Awareness. Commitment to our earth in any small way we can. It will add up. Don't close your eyes - the earth is in crisis. This is scary stuff. Take notice and care. This book is spreading awareness of our responsibility to save our home in any way we can - together. ...more
May 31, 2017 rated it liked it
The last section, on action, was great. The rest was just okay. Moore is a moral philosopher and nature writer. I've liked her past books, and I liked the sections of this one that stuck to those categories. Sadly, I felt that she failed to adapt her writing style and the structure of her arguments to the more political and economic sections of this book, and the results were arguments that felt unsupported and unstructured (still prefer this to Naomi Klein Though). This is most apparent in her ...more
Joan Connell
Aug 25, 2018 rated it it was amazing
Our beautiful planet is in such distress and there is so much to feel bad about. "Great Tide Rising: Towards Clarity and Moral Courage in a Time of Planetary Change," is food for the soul.

Kathleen Dean Moore is a philosopher and nature writer who speaks in an accessible, deeply human voice. Her narrative navigates the rising tide of outrage against the ongoing human destruction of our planetand offers a way out: a stirring affirmation of our collective moral responsibility to a future in which
Dec 02, 2020 rated it liked it
What is the biggest problem facing us in the 21st century?
Who is responsible?
What can we do?

These are the primary themes in this powerful book. Our collective refusal to even look to a future of unchecked climate damage is truly the biggest problem.

Overall, I enjoyed the logic and morality discussions and her writing about the natural world is evocative and filled with love. But for all of its emotional honesty, I felt like she danced around the issue of denial even among the believers. There w
Jun 02, 2020 rated it really liked it
“We stand on ground that trembles with tectonic movement.” We stand on ground that trembles with many types of movements. This book functions as an expansion from KDM on Moral Ground. I struggled to get into it at first because I already feel all in. I’m sold. I’m glad I came back to it though, because the real gems, to me, were found in the second half. Many poignant points presented in many ways. I focused more on some chapters than others and sometimes the different forms of writing caused my ...more
richard robinson
Jul 28, 2018 rated it really liked it  ·  review of another edition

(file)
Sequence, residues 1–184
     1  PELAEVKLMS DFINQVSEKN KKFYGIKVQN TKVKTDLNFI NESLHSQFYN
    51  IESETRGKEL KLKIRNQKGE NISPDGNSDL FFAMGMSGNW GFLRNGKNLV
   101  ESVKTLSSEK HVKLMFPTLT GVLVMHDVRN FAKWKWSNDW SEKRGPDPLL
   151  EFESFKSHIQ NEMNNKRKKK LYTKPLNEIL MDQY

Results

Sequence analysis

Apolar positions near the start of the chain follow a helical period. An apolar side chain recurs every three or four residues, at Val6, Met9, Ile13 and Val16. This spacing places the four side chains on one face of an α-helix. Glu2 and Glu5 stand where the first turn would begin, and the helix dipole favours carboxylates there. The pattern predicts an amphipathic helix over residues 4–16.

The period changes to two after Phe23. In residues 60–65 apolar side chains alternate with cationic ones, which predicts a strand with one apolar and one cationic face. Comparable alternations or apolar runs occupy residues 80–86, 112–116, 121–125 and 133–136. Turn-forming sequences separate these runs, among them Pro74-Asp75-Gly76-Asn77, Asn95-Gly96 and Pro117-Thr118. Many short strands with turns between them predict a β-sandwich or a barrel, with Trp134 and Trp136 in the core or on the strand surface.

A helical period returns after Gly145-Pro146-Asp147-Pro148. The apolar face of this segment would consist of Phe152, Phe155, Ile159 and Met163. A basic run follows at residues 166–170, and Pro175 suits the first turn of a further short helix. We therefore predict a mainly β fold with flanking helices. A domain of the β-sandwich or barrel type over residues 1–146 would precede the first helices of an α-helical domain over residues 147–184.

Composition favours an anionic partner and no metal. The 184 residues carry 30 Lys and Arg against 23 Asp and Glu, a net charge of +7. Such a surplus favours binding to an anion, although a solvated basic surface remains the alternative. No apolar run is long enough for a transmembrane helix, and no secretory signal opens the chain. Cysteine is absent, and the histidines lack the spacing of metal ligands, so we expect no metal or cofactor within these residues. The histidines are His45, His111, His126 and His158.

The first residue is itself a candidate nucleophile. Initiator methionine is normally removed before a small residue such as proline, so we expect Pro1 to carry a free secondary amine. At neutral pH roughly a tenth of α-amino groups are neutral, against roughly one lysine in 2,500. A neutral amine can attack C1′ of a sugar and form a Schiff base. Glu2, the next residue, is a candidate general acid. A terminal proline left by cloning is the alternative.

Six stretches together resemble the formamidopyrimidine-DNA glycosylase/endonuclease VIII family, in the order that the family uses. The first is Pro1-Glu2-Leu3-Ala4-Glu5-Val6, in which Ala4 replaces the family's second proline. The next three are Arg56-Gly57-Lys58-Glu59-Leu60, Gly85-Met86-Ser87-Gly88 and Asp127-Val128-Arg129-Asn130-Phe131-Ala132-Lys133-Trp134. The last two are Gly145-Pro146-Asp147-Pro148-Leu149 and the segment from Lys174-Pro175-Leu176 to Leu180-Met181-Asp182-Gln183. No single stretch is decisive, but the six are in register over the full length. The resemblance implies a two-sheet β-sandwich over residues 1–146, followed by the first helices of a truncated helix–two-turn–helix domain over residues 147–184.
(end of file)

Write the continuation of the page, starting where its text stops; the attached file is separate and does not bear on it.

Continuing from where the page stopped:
A must read for everyone. If you accept climate change, why we must act: if you don't, to understand what those who do are grappling with.

Ms. Moore has written the most comprehensive words on how to live in a world where things are changing in ways humanity has never experienced. The need to act, individually and in concert with others. Why climate scientists must act in order to demonstrate the depth of feeling and belief in the words they are using to describe our situation. The seriousness of
Mar 20, 2018 rated it it was amazing
A welcome book in these dark times. Faces the everywhere-apparent losses we humans are wreaking and points toward what we are called to do, and why we must each of us do what we can. Written by a philosopher and a nature writer. This book feels to me like an ally. What I think about but don’t talk about with friends, Moore talks about. It’s good to have someone alongside me as I try to navigate the huge issues and the what and how of being called to action in support of Life.
Josephine Ensign
May 14, 2018 rated it did not like it
The parts of this book that worked for me were the interspersed sections of philosophy as applied to climate change, as well as some of her personal reflections based on her experience as a mother/grandmother/teacher. But there were way too many overly-strident and off-putting polemics against--well, most everything and everybody she sees as responsible for climate change. I was hoping for a more balanced and nuanced discussion of the ethical issues involved with climate change.
Dec 29, 2018 rated it it was ok
PREACHY. I happen to agree with her conclusions, but c'mon Kathleen. This relentless sappy call to arms is an exercise in confirmation bias. It is a catastrophic problem that 1/2 the Republican party does not think climate change is manmade. This book builds walls vs. bridges to helping those who will not see. I wanted to like it, but I could not get past the woodsy Oregon shamanism. ...more